I advocate freedom around food, health at every size, the rejection of diet culture, moving your body in a mentally and physically healthy way in remission, body acceptance and positivity, self love, eating what you want when you want, personal growth and development, resolutions or management of toxic situations, relationships, internal beliefs, and/or experiences with the help of professional support, and building and living a full, rich life outside of your eating disorder. Does MinnieMaud advocate this too? Yes. But it is only one website amongst many that does so. Olwyn is one person amongst millions holding these beliefs. I am advocating all of them, not just MinnieMaud. I am advocating all of the incredible women and men fighting for these views to be the norm; for diet culture to be destroyed; for people of all weights, shapes, and sizes to be accepted as equally beautiful and equally potentially healthy; for a recovery from restrictive eating disorders not informed by our unhealthy, toxic societal views on food and exercise and weight. I advocate Caroline of The Fuck It Diet, Amelielee of LetsRecover, Bodyposipanda, Nourishandeat, and Goofy_ginger of Instagram, Harriet Brown of Brave Girl Eating, Ragen Chastain of Dances With Fat, Kate of FYourED, Michelle of The Fat Nutritionist, Sandy of Junk Food Science, Tetyana and Andrea of Science of Eating Disorders, Summer Innanen of Rebelle Radio, Rachel W. Cole of her website of that name, and those who run Big Fat Science. I also advocate Gwyneth Olwyn of Your Eatopia, and I agree with the method of recovery that she promotes, as I also agree with the way of eating that Caroline and Rachel W. Cole promote. They are slightly different, as are my own views, but we all agree on some basic fundamentals.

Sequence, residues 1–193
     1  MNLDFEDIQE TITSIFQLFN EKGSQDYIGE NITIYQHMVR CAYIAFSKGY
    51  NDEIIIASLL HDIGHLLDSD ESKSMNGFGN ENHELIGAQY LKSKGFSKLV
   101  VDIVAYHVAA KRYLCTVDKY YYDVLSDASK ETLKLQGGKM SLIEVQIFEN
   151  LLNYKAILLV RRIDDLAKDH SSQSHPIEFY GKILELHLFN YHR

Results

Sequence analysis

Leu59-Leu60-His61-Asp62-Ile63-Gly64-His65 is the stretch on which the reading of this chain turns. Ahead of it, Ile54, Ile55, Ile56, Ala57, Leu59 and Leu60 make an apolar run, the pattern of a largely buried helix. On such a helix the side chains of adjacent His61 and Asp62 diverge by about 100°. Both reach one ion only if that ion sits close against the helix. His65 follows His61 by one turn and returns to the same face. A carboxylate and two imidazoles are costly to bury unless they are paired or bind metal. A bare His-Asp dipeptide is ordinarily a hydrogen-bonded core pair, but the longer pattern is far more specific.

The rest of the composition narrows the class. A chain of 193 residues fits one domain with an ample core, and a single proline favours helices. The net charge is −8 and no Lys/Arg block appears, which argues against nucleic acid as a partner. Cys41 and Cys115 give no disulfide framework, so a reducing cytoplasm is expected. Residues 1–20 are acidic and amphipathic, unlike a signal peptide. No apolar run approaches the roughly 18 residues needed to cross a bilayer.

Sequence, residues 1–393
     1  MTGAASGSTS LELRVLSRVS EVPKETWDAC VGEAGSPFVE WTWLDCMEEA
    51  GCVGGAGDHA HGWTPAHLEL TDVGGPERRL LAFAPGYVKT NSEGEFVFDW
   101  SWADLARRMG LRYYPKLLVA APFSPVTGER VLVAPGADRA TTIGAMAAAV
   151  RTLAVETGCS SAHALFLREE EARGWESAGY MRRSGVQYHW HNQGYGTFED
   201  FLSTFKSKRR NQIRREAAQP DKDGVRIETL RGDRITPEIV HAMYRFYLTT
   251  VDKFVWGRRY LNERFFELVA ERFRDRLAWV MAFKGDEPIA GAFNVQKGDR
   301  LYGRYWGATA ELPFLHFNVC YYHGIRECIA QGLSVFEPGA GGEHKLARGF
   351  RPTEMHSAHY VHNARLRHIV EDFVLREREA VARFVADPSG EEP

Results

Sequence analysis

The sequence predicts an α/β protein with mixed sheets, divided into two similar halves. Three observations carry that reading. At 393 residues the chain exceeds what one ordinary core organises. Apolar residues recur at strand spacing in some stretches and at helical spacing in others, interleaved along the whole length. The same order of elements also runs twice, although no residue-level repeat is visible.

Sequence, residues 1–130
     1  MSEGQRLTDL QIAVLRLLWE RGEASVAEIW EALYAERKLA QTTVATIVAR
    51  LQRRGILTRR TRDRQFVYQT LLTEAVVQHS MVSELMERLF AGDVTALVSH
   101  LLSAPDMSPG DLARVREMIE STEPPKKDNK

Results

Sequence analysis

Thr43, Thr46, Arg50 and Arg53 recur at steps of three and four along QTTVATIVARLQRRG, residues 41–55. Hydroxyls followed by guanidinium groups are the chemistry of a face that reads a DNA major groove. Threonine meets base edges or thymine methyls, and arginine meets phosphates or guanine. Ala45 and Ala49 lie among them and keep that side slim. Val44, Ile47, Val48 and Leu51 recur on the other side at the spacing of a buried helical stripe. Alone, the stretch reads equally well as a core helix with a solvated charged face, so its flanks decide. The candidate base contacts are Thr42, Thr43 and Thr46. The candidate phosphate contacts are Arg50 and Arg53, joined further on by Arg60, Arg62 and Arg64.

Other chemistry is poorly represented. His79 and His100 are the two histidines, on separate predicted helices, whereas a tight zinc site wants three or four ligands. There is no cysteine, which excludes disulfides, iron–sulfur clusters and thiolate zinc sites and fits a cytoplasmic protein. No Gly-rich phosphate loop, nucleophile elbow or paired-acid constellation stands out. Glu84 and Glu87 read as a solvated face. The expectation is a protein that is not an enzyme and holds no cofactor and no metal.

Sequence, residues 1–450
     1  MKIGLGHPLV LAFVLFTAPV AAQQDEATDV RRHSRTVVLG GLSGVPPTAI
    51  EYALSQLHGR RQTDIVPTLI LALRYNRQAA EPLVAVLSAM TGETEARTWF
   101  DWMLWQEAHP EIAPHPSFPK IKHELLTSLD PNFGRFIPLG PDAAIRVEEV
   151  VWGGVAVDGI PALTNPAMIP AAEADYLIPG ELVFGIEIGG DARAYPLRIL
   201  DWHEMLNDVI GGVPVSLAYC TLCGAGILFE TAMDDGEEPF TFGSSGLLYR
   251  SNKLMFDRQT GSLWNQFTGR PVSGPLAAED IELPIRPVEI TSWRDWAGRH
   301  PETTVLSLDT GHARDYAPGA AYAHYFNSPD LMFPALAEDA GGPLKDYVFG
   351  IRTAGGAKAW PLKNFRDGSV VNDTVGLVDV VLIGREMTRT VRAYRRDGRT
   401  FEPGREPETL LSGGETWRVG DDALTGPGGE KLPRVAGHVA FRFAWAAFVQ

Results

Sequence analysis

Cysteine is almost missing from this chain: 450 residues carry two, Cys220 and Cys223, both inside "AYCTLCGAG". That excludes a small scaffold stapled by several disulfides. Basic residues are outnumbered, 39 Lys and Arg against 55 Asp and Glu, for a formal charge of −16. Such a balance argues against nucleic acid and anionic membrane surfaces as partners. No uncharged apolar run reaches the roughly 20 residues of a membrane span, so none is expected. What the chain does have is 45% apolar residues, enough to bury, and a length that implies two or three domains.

I am not here to say that MinnieMaud in and of itself is the only way to recover, but I do think that its basic principles are needed for a full recovery: basic principles that are supported in many other places, not just Your Eatopia. Am I here to say that MinnieMaud is the only method of recovery that works? No, but it does work. It may not work for everyone, but as recovery methods go, its success rate looks pretty good when you look at the multitude of anecdotal evidence. There is no one recovery method that works for everyone. Success rates for any treatment for eating disorders are mediocre at best, so let’s not slam a recovery method that so many people (including myself) have used successfully to help them in their journey, whether that is using it fully or taking bits from it that inform their own personal path to becoming well.